Yet in the past, the Defense Department has struggled to match dollars with climate priorities. Former Navy Secretary Ray Mabus’s Great Green Fleet initiative to run the Navy on a half-and-half mixture of diesel and biofuels stalled after a maiden voyage to Europe in 2016. And while the U.S. Air Force has worked to produce biofuels in limited quantities, it still mostly relies on traditional fuels.

And not everyone is convinced that there’s much green in the “DNA” of defense. Republicans on Capitol Hill worry that going in the direction of a greener Army, Navy, and Air Force too quickly will slow down weapons coming off the production line—and get the Pentagon more deeply entangled in domestic political issues. Jim Inhofe, the top Republican on the Senate Armed Services Committee, said in a statement that he plans to grill Pentagon leaders in hearings about how shifting focus to climate or “other domestic priorities” could impact the Defense Department’s focus on its first job: fighting wars.

“The Department of Defense already has too many non-core missions. We have to ensure that the military stays focused on operational readiness and capabilities, not things more appropriate for [the Environmental Protection Agency] or John Kerry’s office,” Inhofe said.

Some see the issue in even sharper terms, with China’s navy, now the largest in the world, expanding its reach throughout the Indo-Pacific. “[If you’re] making the U.S. Navy carbon neutral into a compressed time frame, you’re not going to have a U.S. Navy,” one former senior Trump administration defense official said.

But committing dollars—or pounds—to greening the military is an issue on both sides of the Atlantic. Even Britain, where military installations are now looking at natural carbon capture mechanisms to help meet their targets, like peat bogs, still needs to put its money where its mouth is, experts say.

“It’s great that they’re saying this,” New America’s Burke said. “It will be even better when they’re doing this.” A spokesperson for the British Defence Ministry said the agency’s defense innovation arm has recently provided 6 million pounds ($8.5 million) to explore sustainable options for power generation and disposal of fuels and oils.

But whatever Biden administration officials put in the Pentagon’s budget, the threat of climate change is slowly beginning to reshape the military’s operations, both in the ways that U.S. troops get to the battlefield and the situation they’ll face when they arrive.

Planners have begun putting an emphasis on pitting the Pentagon’s complex logistics chain up against the warming planet in war-gaming scenarios, focusing on getting fuel to the fight. In September, the Pentagon also released a climate assessment tool designed to assess how bases are prepped for the threat and is looking into how to sustain weapons systems that might not operate as well in hotter temperatures. Nugee, the British defense official, said U.S. and British forces will need to find a way to adjust technologies like ship engines, which could be impacted by rising temperatures.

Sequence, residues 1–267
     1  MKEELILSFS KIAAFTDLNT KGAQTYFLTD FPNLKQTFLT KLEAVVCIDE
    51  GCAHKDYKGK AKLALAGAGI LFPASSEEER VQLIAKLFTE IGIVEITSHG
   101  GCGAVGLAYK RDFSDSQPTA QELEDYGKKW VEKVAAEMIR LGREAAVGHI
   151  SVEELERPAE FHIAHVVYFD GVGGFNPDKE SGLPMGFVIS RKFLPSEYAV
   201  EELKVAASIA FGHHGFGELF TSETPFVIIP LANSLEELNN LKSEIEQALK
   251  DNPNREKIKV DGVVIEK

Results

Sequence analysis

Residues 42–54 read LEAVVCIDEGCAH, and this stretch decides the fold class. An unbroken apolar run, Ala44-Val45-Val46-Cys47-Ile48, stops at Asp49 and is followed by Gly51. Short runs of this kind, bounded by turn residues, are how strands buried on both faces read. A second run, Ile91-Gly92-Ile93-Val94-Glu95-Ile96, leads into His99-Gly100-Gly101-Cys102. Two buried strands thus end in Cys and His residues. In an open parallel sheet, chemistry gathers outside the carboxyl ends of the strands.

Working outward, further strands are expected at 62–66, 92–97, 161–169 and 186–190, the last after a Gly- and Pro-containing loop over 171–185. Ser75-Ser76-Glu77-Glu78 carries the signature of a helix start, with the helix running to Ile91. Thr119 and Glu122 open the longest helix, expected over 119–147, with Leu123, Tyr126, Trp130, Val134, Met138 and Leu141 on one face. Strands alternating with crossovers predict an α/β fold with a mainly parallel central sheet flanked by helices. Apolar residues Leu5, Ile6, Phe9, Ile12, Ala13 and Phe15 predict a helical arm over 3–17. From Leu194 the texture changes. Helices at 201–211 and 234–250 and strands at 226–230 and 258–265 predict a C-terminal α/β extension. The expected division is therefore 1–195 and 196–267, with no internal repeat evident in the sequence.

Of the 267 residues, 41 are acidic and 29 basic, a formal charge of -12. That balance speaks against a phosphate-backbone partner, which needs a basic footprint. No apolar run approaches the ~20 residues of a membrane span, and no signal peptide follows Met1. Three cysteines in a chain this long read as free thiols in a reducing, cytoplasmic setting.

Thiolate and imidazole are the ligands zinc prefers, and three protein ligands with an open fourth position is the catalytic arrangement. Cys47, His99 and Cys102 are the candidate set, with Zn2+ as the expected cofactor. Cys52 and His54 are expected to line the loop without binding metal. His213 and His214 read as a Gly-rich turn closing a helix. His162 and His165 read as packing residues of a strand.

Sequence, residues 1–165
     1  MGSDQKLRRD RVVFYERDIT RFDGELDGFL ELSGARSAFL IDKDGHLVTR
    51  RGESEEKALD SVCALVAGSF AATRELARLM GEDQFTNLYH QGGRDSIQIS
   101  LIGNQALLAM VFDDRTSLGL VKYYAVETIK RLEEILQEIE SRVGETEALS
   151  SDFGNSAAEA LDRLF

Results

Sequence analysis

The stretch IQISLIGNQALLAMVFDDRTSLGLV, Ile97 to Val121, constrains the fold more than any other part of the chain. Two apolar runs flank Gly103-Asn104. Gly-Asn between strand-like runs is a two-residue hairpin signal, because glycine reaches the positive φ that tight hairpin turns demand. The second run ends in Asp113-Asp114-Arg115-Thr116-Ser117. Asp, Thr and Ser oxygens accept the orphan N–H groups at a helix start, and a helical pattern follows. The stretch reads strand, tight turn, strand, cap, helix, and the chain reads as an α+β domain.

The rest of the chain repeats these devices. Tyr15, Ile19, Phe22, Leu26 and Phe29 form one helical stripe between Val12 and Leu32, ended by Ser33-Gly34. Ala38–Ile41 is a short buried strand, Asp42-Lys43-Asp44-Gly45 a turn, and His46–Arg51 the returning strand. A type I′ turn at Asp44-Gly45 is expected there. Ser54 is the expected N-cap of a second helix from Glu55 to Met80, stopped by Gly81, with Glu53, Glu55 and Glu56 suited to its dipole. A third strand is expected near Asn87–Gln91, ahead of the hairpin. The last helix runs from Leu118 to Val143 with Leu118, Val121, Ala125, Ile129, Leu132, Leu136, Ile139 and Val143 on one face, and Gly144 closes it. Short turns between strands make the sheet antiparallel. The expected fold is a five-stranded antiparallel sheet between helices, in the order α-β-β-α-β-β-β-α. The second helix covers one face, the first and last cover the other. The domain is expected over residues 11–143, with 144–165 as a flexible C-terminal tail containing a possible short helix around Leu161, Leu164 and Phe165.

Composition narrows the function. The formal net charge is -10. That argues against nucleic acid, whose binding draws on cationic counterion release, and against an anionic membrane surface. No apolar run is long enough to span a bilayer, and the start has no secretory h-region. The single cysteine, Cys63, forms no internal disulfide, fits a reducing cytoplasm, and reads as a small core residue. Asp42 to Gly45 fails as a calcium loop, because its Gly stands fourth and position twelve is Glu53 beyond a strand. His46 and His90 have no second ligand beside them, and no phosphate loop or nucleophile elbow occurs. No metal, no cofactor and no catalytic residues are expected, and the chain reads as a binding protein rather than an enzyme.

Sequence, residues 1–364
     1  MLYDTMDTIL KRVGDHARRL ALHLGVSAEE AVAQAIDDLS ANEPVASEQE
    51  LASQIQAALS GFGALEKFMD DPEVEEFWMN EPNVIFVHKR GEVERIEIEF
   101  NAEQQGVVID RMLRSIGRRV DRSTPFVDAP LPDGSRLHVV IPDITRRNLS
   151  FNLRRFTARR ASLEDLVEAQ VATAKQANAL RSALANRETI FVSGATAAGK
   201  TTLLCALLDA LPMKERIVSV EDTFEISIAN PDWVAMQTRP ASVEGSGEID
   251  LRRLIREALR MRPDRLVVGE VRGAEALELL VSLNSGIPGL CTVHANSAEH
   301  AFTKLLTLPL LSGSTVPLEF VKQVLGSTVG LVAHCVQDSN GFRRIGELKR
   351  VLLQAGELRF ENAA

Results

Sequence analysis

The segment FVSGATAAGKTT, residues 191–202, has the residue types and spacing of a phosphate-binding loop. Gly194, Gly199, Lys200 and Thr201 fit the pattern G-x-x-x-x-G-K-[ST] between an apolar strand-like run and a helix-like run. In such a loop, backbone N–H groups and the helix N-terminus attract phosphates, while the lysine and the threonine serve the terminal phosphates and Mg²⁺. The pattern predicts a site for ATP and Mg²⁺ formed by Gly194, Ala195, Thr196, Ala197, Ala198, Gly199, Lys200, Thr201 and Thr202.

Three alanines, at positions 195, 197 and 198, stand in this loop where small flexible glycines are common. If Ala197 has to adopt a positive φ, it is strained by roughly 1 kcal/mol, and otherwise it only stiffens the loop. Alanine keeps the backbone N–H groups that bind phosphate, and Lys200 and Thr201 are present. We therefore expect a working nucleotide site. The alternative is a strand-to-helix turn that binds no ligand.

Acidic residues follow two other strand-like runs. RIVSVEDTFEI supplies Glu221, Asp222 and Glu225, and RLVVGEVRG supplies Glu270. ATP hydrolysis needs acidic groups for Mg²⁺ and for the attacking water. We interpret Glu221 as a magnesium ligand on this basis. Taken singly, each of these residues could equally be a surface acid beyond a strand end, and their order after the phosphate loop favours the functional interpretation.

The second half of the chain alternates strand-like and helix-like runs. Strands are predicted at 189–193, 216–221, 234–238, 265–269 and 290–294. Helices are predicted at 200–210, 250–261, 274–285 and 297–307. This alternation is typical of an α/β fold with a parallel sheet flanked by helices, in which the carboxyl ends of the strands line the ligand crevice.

Officials are trying to slot climate into the 2022 National Defense Strategy, but it’s not clear what role it will take. U.S. Defense Secretary Lloyd Austin has made a point of getting officials to include climate risk into simulations such as war games, Burke said, as the United States reexamines how possible U.S. fights in the Arctic, Asia, and counterterrorism missions in Africa could be imperiled by rising temperatures, just as the Asia-Pacific faces rising sea levels, typhoons, and monsoons.

In a war game conducted last month by the Pentagon’s Office of Stability and Humanitarian Affairs and the Joint Staff J5, dubbed “Elliptic Thunder,” participants mapped a future battlefield in East Africa where climate change had weakened states in the region by causing droughts and shortages, giving extremist groups a bigger shot at gaining a toehold in the area. Several experts and former officials who spoke to Foreign Policy expected U.S. troops to spend more time on humanitarian and disaster relief efforts associated with the changing climate, such as hurricane and wildfire relief.

There has been broad bipartisan consensus on green investment in U.S. military installations under climate threat, money that surged into the Pentagon’s coffers. But some think that the changes already being seen in the global climate, from the melting of the ice caps to the escalation of wildfires, signal that the Pentagon needs to be ready to go much further. What’s needed, some former officials say, is akin to a military-industrial revolution to prepare for the climate of the future. The Biden administration may have a leg up there: The Pentagon has long been considering extending the drone revolution to driverless ships and aerial refueling, moves that would reduce fuel burn and climate impacts from U.S. military platforms.

“If we knew we were going to be in this crisis in the 1940s, would we have built our vehicles and mass transit the way that we did?” said Rod Schoonover, the former director of environment and natural resources at the National Intelligence Council, who now leads the Ecological Futures Group. “I don’t think we would.”

Jack Detsch is Foreign Policy’s Pentagon and national security reporter. Twitter: @JackDetsch

More from Foreign Policy

The Taliban delegation leaves the hotel after meeting with representatives of Russia, China, the United States, Pakistan, Afghanistan, and Qatar in Moscow on March 19.

China and the Taliban Begin Their Romance

Beijing has its eyes set on using Afghanistan as a strategic corridor once U.S. troops are out of the way.

An Afghan security member pours gasoline over a pile of seized drugs and alcoholic drinks

The Taliban Are Breaking Bad

Meth is even more profitable than heroin—and is turbocharging the insurgency.

Sviatlana Tsikhanouskaya addresses the U.N. Security Council from her office in Vilnius, Lithuania, on Sept. 4, 2020.

Belarus’s Unlikely New Leader

Sviatlana Tsikhanouskaya didn’t set out to challenge a brutal dictatorship.

Taliban spokesperson Zabihullah Mujahid

What the Taliban Takeover Means for India

Kabul’s swift collapse leaves New Delhi with significant security concerns.